The Joy of Resurrection
by Elder Joseph Chung
of the Seventy
“He (Jesus) is not here: for He is risen, as He said” (See Matthew 28:5-6). This, by far, is the most exciting news in human history!
At the end of the Chinese Song dynasty, loyalist Wen Tianxiang wrote the following verse before he was martyred:
Since ancient times,
Who can escape death?
May my loyal heart
(Wen Tianxiang, 1236-1283, “Leaving Sea of Desolation.”)
While stories like Wen’s, who unflinchingly facing death moved us, the resurrection of Christ inspires our souls. Indeed, “God shall wipe away all tears from [our] eyes; and there shall be no more death, neither sorrow, nor crying, neither shall there be any more pain: for the former things are passed away” (Revelation 21:4).
The resurrection of Christ assures us that death for the righteous is sweet. Jesus said,” …they that have done good, unto the resurrection of life; and they that have done evil, unto the resurrection of damnation” (John 5:29). In a world where sins are more prevalent all the time, “good deeds” have become rare commodities and at times even defiled as bad. In more and more cases, we see people “call[ing] evil good, and good evil” (Isaiah 5:20).
By His resurrection, the Savior declared that He had overcome death. All that He has taught is truth and what He promised will be fulfilled. How comforting and relieving, how encouraging and rejuvenating this assurance is! Righteousness will eventually overcome evil; truth will shatter lies. No wonder, after the Savior ascended to heaven after His resurrection, Peter and John boldly testified of Christ’s resurrection. The priests and the captain of the temple, and the Sadducees put Peter and others in hold and questioned them. “Now when they saw the boldness of Peter and John, and perceived that they were unlearned and ignorant men, they marvelled; and they took knowledge of them, that they had been with Jesus” (Acts 4:13). They commanded Peter and John not to speak at all, but Peter and John answered and said unto them, “Whether it be right in the sight of God to hearken unto you more than unto God, judge ye” (Acts 4:19).
After the Savior was crucified, people in the American continent experienced tempests, earthquakes, fires, whirlwinds, and physical upheavals (See 3 Nephi 8) and three days covered with darkness, “And it was in the morning, and the darkness dispersed from off the face of the land, and the earth did cease to tremble, and the rocks did cease to rend, and the dreadful groanings did cease, and all the tumultuous noises did pass away. And the earth did cleave together again, that it stood; and the mourning, and the weeping, and the wailing of the people who were spared alive did cease; and their mourning was turned into joy, and their lamentations into the praise and thanksgiving unto the Lord Jesus Christ, their Redeemer” (3 Nephi 10:9-10). To the righteous who survived the disasters, resurrection was neither a myth nor hearsay. Their joy and assurance must have been great beyond description!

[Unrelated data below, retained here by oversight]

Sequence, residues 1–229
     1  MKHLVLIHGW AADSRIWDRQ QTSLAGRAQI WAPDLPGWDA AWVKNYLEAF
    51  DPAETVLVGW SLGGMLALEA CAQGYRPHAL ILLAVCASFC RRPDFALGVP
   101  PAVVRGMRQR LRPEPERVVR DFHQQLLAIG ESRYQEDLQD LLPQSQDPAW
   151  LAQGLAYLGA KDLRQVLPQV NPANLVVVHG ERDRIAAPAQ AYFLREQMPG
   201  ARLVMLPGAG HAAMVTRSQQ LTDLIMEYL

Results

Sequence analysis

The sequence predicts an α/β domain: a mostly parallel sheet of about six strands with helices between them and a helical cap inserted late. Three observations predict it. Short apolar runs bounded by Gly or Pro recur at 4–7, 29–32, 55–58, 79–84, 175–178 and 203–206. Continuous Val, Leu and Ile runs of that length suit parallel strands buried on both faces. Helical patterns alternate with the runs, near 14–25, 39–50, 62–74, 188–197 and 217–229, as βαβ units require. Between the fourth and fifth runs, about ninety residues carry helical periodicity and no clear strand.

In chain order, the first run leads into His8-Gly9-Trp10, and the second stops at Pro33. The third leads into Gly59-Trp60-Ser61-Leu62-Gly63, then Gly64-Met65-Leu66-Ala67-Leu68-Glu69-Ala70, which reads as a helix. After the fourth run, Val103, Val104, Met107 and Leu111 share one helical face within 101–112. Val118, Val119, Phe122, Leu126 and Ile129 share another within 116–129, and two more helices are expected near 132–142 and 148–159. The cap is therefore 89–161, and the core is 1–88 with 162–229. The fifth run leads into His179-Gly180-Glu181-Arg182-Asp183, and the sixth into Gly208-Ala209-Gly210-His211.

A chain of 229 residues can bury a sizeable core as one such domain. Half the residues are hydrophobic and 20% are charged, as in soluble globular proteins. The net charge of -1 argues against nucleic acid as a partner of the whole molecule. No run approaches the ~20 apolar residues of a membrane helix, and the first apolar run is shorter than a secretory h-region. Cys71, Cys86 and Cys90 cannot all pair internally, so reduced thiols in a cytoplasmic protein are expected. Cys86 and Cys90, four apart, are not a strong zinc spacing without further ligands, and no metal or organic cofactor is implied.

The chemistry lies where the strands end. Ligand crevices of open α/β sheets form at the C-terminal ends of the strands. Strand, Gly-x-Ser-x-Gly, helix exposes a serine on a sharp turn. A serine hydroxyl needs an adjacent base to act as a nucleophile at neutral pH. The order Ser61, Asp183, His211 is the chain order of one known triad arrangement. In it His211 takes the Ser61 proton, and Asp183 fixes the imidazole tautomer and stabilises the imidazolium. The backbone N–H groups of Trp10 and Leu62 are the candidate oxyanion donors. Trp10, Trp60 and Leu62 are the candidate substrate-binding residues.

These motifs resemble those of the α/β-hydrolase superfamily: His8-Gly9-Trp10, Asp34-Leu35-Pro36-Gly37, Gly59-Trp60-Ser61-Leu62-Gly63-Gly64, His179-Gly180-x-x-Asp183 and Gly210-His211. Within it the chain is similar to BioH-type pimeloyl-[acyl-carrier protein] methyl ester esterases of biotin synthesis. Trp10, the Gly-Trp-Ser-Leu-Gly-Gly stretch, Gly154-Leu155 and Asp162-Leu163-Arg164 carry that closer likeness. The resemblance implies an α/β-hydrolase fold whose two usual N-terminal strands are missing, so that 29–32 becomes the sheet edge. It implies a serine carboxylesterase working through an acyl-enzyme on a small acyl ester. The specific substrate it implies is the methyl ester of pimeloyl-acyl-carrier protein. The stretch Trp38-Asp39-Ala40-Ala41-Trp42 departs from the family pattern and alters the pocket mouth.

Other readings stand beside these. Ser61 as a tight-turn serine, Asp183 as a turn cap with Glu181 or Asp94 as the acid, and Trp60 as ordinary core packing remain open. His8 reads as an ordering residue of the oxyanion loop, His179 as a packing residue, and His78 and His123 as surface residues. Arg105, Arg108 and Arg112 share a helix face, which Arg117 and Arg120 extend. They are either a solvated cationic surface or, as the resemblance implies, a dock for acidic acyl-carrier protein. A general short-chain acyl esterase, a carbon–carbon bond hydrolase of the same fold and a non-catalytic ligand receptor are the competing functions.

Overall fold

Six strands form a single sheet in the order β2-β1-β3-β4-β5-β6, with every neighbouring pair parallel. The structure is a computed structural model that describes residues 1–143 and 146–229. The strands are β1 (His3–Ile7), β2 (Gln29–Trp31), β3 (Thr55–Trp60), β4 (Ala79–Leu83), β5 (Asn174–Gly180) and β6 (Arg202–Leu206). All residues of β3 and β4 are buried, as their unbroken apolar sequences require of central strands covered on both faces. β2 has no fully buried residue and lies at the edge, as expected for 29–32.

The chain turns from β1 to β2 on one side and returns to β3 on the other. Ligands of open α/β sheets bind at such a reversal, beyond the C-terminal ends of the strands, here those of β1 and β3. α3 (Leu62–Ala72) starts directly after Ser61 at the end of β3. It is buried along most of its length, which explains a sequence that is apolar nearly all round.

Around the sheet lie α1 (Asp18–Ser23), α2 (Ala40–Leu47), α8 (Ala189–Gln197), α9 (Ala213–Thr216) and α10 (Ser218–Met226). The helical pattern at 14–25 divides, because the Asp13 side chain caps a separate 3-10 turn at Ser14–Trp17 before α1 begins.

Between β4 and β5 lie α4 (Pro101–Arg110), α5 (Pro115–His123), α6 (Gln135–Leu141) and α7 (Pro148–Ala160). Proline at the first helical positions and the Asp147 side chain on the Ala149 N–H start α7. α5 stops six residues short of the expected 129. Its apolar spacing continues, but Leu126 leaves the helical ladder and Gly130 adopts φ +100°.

Through the power of the Holy Ghost, we all can know for ourselves the reality of Christ’s resurrection (See Moroni 10:5,7). The resurrection of the Savior and His Atonement are inseparably connected. The resurrection has been free and unconditional given to us, just as Paul said, “For as in Adam all die, even so in Christ shall all be made alive” (1 Corinthians 15:22). However, the effect of the Atonement is conditional as the prophet Nephi taught, “Unless a man shall endure to the end, in following the example of the Son of the living God, he cannot be saved” (2 Nephi 31:16).
Dear brothers and sisters, at this Easter season as we commemorate the resurrection of the Savior, may we ponder upon the atoning sacrifice of the Savior, His triumph over death, and His glorious resurrection. Let us ask ourselves this question, “Will we accept Christ’s invitation to follow Him” (see Matthew 4:19)?